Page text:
Millions of people are affected annually by what is now considered one of the most prevalent crimes in the U.S. — identity theft. It strikes a chord close to home. “Missouri is the state with the highest per capita rate of reported identity theft complaints,” according to the U.S. Federal Trade Commission’s 2015 Data Book released in February 2016. And we see this reflected in our local news reports.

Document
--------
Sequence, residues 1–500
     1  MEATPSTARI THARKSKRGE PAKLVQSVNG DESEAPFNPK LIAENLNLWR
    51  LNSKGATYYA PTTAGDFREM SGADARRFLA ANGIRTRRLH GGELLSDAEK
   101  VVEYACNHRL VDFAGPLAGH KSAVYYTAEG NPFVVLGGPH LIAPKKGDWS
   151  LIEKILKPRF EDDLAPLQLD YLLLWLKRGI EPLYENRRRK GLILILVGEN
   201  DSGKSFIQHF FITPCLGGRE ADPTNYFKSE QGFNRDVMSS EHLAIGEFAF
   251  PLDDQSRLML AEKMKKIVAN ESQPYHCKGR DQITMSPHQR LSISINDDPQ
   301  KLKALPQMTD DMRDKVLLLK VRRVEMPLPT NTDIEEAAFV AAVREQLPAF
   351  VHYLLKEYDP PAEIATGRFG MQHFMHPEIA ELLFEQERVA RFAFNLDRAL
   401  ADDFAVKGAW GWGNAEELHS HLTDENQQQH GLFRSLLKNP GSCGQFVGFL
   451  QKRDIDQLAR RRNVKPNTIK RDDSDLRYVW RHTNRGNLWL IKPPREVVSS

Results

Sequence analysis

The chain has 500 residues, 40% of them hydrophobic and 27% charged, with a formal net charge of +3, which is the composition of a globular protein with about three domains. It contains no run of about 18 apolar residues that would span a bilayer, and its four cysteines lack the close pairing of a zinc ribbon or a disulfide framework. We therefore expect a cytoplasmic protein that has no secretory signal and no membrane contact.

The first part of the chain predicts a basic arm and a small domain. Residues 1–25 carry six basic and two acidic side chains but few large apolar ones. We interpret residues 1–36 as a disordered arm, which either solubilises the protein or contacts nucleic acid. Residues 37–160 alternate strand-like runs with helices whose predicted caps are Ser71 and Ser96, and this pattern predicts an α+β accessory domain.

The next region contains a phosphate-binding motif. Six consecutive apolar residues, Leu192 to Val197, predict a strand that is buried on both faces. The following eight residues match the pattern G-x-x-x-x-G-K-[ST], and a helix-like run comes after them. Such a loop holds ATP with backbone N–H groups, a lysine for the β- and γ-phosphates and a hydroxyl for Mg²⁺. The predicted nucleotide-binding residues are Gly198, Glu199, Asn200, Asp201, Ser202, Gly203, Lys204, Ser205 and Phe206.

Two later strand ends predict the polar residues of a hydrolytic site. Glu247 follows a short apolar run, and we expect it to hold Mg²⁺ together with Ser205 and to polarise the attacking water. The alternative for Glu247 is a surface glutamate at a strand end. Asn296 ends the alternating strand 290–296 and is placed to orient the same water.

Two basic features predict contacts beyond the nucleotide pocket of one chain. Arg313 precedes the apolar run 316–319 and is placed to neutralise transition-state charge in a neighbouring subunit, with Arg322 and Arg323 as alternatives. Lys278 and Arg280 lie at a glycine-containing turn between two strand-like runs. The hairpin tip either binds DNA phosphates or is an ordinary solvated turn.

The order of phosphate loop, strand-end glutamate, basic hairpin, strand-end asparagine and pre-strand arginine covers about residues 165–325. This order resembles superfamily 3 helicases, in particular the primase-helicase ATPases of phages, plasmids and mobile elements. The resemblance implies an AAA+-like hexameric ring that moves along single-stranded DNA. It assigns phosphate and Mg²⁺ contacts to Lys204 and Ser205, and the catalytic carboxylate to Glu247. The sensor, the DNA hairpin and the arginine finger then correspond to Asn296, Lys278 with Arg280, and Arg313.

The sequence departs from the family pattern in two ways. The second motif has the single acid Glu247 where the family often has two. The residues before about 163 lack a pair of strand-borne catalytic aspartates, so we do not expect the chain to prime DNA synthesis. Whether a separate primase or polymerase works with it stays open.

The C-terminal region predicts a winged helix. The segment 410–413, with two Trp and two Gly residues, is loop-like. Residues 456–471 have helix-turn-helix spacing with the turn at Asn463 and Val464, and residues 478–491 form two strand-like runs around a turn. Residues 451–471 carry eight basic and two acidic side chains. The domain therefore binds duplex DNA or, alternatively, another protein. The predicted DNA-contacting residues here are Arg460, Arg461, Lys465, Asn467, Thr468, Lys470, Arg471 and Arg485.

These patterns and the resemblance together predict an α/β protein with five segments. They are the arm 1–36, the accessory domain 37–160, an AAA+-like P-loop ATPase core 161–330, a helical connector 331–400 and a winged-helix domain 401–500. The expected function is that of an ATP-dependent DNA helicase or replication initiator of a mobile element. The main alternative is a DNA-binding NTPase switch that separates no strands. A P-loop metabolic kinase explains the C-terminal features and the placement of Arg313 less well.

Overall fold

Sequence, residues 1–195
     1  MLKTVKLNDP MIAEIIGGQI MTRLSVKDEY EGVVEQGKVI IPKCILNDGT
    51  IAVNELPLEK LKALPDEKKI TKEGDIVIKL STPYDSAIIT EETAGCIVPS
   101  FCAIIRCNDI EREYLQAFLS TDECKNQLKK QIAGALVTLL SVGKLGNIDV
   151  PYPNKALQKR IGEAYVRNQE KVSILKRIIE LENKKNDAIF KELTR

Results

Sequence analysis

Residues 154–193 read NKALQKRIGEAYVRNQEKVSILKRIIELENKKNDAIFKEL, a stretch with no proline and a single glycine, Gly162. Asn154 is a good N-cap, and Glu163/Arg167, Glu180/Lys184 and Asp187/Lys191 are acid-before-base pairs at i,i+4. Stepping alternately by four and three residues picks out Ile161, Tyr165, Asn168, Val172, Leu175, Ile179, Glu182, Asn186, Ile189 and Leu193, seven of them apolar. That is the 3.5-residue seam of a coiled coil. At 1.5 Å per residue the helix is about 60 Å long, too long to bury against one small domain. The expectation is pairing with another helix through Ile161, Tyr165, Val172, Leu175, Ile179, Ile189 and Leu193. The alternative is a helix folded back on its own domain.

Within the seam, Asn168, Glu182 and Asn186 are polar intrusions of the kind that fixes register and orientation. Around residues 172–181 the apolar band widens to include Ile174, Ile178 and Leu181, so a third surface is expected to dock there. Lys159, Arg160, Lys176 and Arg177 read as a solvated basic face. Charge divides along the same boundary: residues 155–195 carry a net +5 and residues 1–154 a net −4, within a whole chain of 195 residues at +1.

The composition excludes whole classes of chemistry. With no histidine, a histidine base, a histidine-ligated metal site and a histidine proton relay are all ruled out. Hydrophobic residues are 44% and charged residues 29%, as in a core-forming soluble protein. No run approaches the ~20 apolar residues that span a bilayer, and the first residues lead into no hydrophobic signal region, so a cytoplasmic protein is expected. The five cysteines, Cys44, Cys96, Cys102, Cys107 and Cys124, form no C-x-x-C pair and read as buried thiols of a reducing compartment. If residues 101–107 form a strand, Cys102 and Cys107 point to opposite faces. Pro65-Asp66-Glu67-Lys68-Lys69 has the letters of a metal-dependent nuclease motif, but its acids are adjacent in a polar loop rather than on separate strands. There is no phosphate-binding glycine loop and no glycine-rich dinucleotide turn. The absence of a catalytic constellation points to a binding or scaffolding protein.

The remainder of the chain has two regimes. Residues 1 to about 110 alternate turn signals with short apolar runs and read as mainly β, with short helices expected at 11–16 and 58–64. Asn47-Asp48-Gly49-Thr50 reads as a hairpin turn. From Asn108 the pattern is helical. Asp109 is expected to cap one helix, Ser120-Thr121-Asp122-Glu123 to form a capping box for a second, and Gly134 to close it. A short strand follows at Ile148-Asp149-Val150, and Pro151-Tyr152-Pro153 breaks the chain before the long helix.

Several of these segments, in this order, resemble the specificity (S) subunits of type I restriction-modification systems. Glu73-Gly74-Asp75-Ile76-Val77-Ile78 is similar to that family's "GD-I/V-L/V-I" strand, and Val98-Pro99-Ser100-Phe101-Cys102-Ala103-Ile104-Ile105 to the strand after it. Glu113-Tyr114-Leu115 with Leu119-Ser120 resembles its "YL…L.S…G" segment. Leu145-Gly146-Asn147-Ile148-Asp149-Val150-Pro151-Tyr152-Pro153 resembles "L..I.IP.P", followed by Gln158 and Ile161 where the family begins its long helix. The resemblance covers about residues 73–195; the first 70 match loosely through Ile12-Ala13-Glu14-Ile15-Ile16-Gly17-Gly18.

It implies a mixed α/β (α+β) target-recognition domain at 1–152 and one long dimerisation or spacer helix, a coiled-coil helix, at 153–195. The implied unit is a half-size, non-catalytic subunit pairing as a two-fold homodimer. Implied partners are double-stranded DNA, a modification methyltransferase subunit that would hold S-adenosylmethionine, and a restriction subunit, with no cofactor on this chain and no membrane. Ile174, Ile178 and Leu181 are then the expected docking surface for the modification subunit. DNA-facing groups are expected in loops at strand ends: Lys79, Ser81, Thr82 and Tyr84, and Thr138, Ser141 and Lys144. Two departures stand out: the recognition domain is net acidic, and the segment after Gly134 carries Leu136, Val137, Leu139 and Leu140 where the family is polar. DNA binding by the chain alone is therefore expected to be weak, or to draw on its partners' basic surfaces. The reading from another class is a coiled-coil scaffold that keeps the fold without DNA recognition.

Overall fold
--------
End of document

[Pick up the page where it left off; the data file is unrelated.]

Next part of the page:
Although wise preventive measures are considered an essential part of any personal or organizational plan, statistics also indicate that all the precautions in the world may not effectively protect us from a proficient adversary.
A recent symposium prompted us to think about our own experiences with identity theft, and the lessons we have learned from it. For both of us, the approach went beyond the ordinary practical measures to ensure security — to searching for a more reassuring and solid basis of security and identity that would rebuild and fortify our well-being.
Read the full article at the Columbia Daily Tribune.